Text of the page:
- Table8: Comparison of one-shot pruning performance of WoodFisher, when the considered Fisher matrix is empirical Fisher or one-sample approximation to true Fisher, for RESNET-50 on IMAGENET. The results are averaged over three seeds
- Table9: Detailed hyperparameters for the gradual pruning results presented in Tables 1, 4
- Table10: Effect of fisher subsample size and fisher mini-batch size on one-shot pruning performance of WoodFisher, for RESNET-50 on IMAGENET. A chunk size of 1000 was used for this experiment. The resutlts are averaged over three seeds
- Table11: Effect of fisher subsample size and fisher mini-batch size on one-shot pruning performance of WoodFisher, for MOBILENETV1 on IMAGENET. A chunk size of 10, 000 was used for this experiment. The results are averaged over three seeds
- Table12: At best runs: Comparison of WoodFisher gradual pruning results with the state-of-the-art approaches. LS denotes label smoothing, and ERK denotes the Erdos-Renyi Kernel
- Table13: At best runs: comparison of WoodFisher and magnitude pruning with the same layer-wise sparsity targets as used in [<a class="ref-link" id="c18" href="#r18">18</a>] for RESNET-50 on IMAGENET. Namely, this involves skipping the first convolutional layer, pruning the last fully connected layer to 80% and the rest of the layers equally to 90%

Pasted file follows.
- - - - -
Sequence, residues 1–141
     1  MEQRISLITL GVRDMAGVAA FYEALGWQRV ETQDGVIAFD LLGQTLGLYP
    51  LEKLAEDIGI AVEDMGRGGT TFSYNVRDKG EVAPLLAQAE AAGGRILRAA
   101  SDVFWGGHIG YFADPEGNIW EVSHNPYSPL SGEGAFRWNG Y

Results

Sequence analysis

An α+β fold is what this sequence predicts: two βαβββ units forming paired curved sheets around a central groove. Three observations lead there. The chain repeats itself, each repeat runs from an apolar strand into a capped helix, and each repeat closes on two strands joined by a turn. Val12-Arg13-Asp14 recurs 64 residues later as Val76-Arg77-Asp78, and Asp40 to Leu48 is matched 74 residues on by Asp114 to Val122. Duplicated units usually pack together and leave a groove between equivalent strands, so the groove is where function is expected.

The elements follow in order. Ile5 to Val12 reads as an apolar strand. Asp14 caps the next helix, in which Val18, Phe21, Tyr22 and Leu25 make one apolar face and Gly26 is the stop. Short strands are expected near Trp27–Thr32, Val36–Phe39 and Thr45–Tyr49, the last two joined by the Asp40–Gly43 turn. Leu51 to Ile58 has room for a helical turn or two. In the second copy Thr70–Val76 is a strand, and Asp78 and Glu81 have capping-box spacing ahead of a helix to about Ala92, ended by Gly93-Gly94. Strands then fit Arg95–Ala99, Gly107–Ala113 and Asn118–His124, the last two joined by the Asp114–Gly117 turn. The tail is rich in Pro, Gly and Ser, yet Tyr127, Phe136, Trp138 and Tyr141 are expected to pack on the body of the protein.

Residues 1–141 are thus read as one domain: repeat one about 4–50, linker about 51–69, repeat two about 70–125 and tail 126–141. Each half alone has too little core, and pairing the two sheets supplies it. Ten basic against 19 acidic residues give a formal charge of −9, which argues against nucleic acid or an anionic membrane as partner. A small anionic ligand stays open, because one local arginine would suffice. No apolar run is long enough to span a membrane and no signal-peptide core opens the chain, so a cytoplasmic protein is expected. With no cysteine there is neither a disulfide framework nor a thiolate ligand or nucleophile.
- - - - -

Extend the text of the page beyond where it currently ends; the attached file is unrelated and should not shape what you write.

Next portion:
- Table14: The obtained distribution of sparsity across the layers by WoodFisher and Global Magnitude when sparsifying RESNET-50 to 80%, 90%, 95%, 98% levels on IMAGENET
- Table15: The obtained distribution of sparsity across the layers by WoodFisher and Global Magnitude when sparsifying MOBILENETV1 to 75%, 89% levels on IMAGENET
- Table16: The obtained distribution of sparsity across the layers by WoodFisher when sparsifying MOBILENETV1 to 75.28% sparsity level with FLOPs-aware hyperparameter β = 0.00, 0.30, 0.35 on IMAGENET